By Sissi De Flaviis

Robert Fisk, a fearless reporter respected by colleagues and competitors alike, passed away on Friday, Oct. 30, 2020 in a hospital in Dublin, Ireland. He was 74.

Fisk, who held both British and Irish citizenship, received an honorary Doctor of Laws from Carleton University in 2004. These honorary doctorates are awarded annually to individuals who have shown exceptional service to the university or to the community at large, and/or for outstanding scholarly achievement in a profession not covered by other honorary degrees.

“I was pleased that Carleton awarded him an honorary LL.D. I remember he got a standing ovation for his commencement address,” says Philosophy Prof. Randal Marlin, a close acquaintance.

Robert Fisk

Robert Fisk at the Al Jazeera Forum in 2010 (Photo: Mohamed Nanabhay)

Fisk was a veteran Middle East foreign correspondent. He covered wars in countries such as Iraq, Syria, Afghanistan, Bosnia, Lebanon and many others.

In 1983, Fisk received a doctorate in political science from Trinity College in Dublin. His thesis focused on Ireland’s neutrality and relations with Britain in the Second World War—or “the emergency,” as known in Ireland.

Marlin knew Fisk through his dad, Ervin Ross “Spike” Marlin, the OSS representative in Ireland during the Second World War who later became one of the founders of the International Civil Aviation Organization (ICAO) in 1946.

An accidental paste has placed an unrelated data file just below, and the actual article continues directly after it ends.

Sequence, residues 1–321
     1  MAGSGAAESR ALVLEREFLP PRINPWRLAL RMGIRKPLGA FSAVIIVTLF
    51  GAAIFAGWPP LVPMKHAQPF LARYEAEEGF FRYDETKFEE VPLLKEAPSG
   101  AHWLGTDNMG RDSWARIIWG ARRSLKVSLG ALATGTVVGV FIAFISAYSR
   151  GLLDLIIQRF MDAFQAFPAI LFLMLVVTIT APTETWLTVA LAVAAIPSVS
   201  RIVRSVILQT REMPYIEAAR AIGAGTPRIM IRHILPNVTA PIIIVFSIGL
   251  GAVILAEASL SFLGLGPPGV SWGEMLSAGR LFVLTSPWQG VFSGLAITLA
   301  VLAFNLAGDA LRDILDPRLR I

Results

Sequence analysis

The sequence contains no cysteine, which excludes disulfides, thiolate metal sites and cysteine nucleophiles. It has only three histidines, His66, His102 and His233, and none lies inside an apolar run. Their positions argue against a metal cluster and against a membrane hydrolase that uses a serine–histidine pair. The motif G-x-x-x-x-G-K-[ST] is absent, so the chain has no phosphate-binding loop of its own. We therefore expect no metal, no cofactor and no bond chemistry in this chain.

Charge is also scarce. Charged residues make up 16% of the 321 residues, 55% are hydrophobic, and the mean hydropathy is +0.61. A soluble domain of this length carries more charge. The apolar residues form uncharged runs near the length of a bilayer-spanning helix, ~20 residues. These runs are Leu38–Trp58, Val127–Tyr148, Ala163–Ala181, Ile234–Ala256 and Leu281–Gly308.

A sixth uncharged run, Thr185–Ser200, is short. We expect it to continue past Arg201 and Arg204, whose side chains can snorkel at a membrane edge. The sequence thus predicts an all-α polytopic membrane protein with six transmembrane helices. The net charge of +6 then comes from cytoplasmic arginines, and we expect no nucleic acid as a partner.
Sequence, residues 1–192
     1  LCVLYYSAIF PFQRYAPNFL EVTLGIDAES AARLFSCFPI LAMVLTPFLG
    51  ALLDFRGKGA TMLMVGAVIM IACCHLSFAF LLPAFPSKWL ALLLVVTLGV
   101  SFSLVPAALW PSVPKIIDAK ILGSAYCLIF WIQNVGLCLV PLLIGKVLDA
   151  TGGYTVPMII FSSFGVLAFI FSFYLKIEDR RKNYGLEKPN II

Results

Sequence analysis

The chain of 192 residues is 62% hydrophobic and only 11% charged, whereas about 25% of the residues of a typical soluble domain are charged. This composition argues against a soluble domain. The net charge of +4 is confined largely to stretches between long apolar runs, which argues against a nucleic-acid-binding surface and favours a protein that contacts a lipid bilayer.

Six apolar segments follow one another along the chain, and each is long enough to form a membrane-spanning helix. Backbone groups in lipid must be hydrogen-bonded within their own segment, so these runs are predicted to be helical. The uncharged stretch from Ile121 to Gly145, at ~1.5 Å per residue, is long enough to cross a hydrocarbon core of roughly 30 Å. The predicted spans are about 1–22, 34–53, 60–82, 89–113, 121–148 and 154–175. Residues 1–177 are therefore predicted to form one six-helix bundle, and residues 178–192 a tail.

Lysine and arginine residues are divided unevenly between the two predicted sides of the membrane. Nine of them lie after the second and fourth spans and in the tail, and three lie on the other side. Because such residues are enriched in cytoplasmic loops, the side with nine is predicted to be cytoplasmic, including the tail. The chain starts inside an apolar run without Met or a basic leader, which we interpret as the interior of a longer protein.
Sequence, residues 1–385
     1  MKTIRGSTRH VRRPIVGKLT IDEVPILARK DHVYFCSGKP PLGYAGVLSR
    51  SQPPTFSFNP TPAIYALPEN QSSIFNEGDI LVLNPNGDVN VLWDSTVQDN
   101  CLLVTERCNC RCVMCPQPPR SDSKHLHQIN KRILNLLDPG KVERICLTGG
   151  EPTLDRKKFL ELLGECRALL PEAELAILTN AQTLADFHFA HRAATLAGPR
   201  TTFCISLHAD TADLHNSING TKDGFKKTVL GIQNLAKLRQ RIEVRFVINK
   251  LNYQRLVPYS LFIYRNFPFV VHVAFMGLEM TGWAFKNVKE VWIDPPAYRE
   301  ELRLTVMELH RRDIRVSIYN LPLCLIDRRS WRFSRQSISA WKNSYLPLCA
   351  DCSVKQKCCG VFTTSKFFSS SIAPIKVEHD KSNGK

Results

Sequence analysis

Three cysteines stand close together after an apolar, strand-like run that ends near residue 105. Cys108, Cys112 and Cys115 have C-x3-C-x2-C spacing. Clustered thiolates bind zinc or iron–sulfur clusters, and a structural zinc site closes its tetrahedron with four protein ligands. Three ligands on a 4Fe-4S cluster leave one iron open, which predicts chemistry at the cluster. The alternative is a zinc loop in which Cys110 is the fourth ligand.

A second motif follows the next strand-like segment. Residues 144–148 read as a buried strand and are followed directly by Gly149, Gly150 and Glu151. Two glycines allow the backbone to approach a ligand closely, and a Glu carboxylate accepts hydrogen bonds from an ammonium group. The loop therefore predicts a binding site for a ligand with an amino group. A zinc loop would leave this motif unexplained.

“I’ve always been very impressed by the historical depth and insight of Robert’s writing,” says Marlin.

“I still have the correspondence he exchanged with my father, which Fisk kindly gave me.”

The same year Fisk received his honorary degree from Carleton, he also delivered a wildly popular lecture titled The Fantasy War: Weapons of Mass Destruction and Democracy. The lecture was moved from a small classroom in Tory Building to the Bell Theater in Minto Centre due to the large number of people in attendance.

“Whenever he gave a talk at Carleton, the room—no matter how large—would be packed,” says Marlin.

Fisk had a long career in journalism. Most recently, he was a reporter for the British newspaper The Independent.

Fisk’s wife, Nelofer Pazira, an Afghan-Canadian filmmaker, human rights activist and only immediate survivor, graduated from Carleton’s journalism school in 1997. In 2019, Pazira made a documentary film about Fisk’ extraordinary—and sometimes controversial—journalistic journey titled This Is Not a Movie.

“You cannot get near the truth without being there,” he said in This Is Not a Movie.

More Stories

Friday, November 6, 2020 in
Share: Twitter, Facebook

More Stories